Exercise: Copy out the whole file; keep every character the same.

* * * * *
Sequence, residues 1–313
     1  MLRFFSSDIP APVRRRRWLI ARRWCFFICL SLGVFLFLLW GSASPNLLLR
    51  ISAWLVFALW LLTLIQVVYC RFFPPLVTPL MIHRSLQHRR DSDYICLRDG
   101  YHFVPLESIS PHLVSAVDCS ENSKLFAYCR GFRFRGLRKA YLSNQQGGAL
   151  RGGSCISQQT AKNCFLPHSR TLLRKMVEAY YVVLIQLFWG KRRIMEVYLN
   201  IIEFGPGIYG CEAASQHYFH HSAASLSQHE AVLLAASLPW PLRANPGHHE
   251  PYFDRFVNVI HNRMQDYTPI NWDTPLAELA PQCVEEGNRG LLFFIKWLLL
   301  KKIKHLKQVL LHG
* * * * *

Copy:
Sequence, residues 1–313
     1  MLRFFSSDIP APVRRRRWLI ARRWCFFICL SLGVFLFLLW GSASPNLLLR
    51  ISAWLVFALW LLTLIQVVYC RFFPPLVTPL MIHRSLQHRR DSDYICLRDG
   101  YHFVPLESIS PHLVSAVDCS ENSKLFAYCR GFRFRGLRKA YLSNQQGGAL
   151  RGGSCISQQT AKNCFLPHSR TLLRKMVEAY YVVLIQLFWG KRRIMEVYLN
   201  IIEFGPGIYG CEAASQHYFH HSAASLSQHE AVLLAASLPW PLRANPGHHE
   251  PYFDRFVNVI HNRMQDYTPI NWDTPLAELA PQCVEEGNRG LLFFIKWLLL
   301  KKIKHLKQVL LHG